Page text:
The size range is wide and should suit pretty much all adults (and some kids). I have a relatively small head and wear size S, but the A1 even comes in XS to fit head circumferences down to 50 cm. This is actually a few cm smaller than the A2 and A3 models, which I’ll discuss more below, making it a great choice for the smallest riders. At the large end the size 2XL tops out at 62 cm.
The A1 comes in a range of colors. At the moment none of them are especially feminine in the traditional sense (i.e. pink), but there are plenty of options to choose from. I like my blue color and find that it coordinates well with a lot of my women’s clothes and other gear.
All the other features, like safety, durability, and adjustability, will be equally appreciated by cyclists of any gender. I would definitely recommend the A1 Classic to women as well as men. My husband wears one too and is also a big fan.
The A1 Classic MIPS helmet officially retails for $145, but can be found for less if you’re patient. As I write this some colors are on sale for less than $80 at a number of online retailers including REI, Backcountry, and Amazon.
Though $145 seems spendy for a helmet, especially if you crash and need to replace it, I think the A1 MIPS is a very reasonable value. It’s cheaper than the A2 and A3, but you still get the MIPS technology and an extremely comfortable, well-designed helmet from a premium brand.
TLD does have a crash replacement program, though it’s somewhat limited: 30% off a replacement within one year of purchase.
Compatibility with Mounts and Accessories
Many mountain bikers will be happy to know the A1 Classic works smoothly with light and camera mounts that wrap through the vents. I’ve used a light mount up there for many nights and never had issues.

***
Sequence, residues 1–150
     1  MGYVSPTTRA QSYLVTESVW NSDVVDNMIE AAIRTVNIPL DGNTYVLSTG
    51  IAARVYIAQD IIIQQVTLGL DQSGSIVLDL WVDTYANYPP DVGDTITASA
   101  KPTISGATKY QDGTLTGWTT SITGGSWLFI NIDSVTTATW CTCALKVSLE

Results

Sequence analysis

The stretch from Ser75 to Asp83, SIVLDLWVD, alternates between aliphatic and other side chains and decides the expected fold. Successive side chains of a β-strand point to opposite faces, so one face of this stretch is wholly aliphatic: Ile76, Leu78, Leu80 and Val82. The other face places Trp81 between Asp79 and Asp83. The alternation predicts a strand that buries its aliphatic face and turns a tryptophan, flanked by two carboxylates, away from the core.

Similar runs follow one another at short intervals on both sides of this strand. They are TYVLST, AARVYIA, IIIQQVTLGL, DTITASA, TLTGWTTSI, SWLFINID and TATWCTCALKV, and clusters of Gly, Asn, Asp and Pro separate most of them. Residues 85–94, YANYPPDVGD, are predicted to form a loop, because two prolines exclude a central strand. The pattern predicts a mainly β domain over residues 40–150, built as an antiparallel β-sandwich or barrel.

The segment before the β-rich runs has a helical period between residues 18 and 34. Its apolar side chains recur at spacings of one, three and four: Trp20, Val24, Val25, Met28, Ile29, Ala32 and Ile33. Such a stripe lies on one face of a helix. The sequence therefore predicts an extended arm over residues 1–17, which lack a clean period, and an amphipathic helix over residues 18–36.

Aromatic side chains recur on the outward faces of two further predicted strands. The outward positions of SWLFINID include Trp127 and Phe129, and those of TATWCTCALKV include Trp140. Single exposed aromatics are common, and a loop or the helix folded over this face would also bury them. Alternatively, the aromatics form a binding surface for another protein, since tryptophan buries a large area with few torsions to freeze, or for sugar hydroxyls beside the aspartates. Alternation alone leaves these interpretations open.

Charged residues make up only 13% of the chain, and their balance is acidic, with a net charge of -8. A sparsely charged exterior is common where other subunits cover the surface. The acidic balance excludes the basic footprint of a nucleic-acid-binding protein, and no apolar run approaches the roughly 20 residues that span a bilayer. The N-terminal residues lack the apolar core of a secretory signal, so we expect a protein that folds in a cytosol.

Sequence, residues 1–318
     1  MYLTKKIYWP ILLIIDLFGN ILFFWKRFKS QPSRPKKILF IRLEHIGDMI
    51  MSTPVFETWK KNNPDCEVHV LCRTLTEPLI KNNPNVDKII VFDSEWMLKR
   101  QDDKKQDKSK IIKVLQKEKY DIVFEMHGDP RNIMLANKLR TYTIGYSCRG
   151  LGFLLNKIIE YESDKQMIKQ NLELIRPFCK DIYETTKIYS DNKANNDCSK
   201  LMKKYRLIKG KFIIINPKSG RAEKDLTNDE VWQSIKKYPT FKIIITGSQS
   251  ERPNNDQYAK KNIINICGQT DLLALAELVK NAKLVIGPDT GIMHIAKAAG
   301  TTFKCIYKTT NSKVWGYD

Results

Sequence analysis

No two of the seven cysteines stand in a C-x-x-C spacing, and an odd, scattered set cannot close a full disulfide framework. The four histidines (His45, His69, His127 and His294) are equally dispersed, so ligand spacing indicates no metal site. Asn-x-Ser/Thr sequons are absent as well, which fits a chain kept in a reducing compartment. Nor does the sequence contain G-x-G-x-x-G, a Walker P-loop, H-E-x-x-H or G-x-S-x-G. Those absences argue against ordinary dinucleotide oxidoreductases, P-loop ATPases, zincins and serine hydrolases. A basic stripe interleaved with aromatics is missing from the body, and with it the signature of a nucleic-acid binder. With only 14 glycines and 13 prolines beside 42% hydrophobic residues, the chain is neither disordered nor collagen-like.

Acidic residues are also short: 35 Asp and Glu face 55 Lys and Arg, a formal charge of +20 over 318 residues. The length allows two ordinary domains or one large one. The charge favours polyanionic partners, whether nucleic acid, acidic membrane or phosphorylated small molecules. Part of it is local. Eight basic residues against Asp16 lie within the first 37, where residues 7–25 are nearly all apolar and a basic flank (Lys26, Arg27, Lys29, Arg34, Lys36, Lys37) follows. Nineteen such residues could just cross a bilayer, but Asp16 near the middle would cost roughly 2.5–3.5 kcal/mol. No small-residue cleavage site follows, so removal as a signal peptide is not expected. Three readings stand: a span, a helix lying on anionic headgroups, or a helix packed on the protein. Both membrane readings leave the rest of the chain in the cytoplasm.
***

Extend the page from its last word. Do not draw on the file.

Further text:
I suspect fewer folks will care about these other accessories, which are more typical for bikepackers than mountain bikers. But for what it’s worth:
Mirror: the Bike Peddler mirror clips easily to the front of the visor and is handy for staying safe en route to the trails.
Da Brim sun shade: This quirky cycling accessory does work with the A1 Classic if you position it beneath the visor.
A1 Versus Other Models
The full “A” line from Troy Lee Designs includes three other variations on their half-shell helmet design (their other lines are full-face). Here’s how these compare to the A1:
A1 Drone ($89): A less expensive version of the A1 without the MIPS liner. While it’s nice to see a more budget-friendly option, I would recommend the MIPS version if you can swing it. I’m normally into forgoing cosmetic details or extra bells and whistles to save money, but when it comes to lessening the risk of brain injury I’ll gladly fork over the cash.
A2 ($169): A slightly lighter and breezier variation with a bit less coverage and slightly lower marks for comfort. Newer than the A1 but quickly gaining in popularity.
A3 ($250): Spendy premium version with even more back-of-head coverage, slightly better ventilation, and updated goggle-friendly visor design.
The A1 MIPS, for reference, retails for $145.
The A1 Classic MIPS helmet combines confidence-inspiring extended coverage and MIPS technology, well-designed features, and all-day comfort in a quality helmet that’s durable enough for the long haul. I’ve put mine through the wringer with 9000 miles including extra-long days, extreme heat and cold, and months of non-stop daily wear. I’m still happy to put it on for my next ride, whether that’s at my local trails or across a faraway country.
If and when my A1 finally takes a hit or wears out, I will most likely buy another. That’s how much I like it. I might be tempted to try the lighter A2, especially for largely non-technical bikepacking. But I’m not excited about its higher price tag, and it would have to be every bit as comfortable as the A1 for me to make the switch.
Buy the A1 Classic MIPS: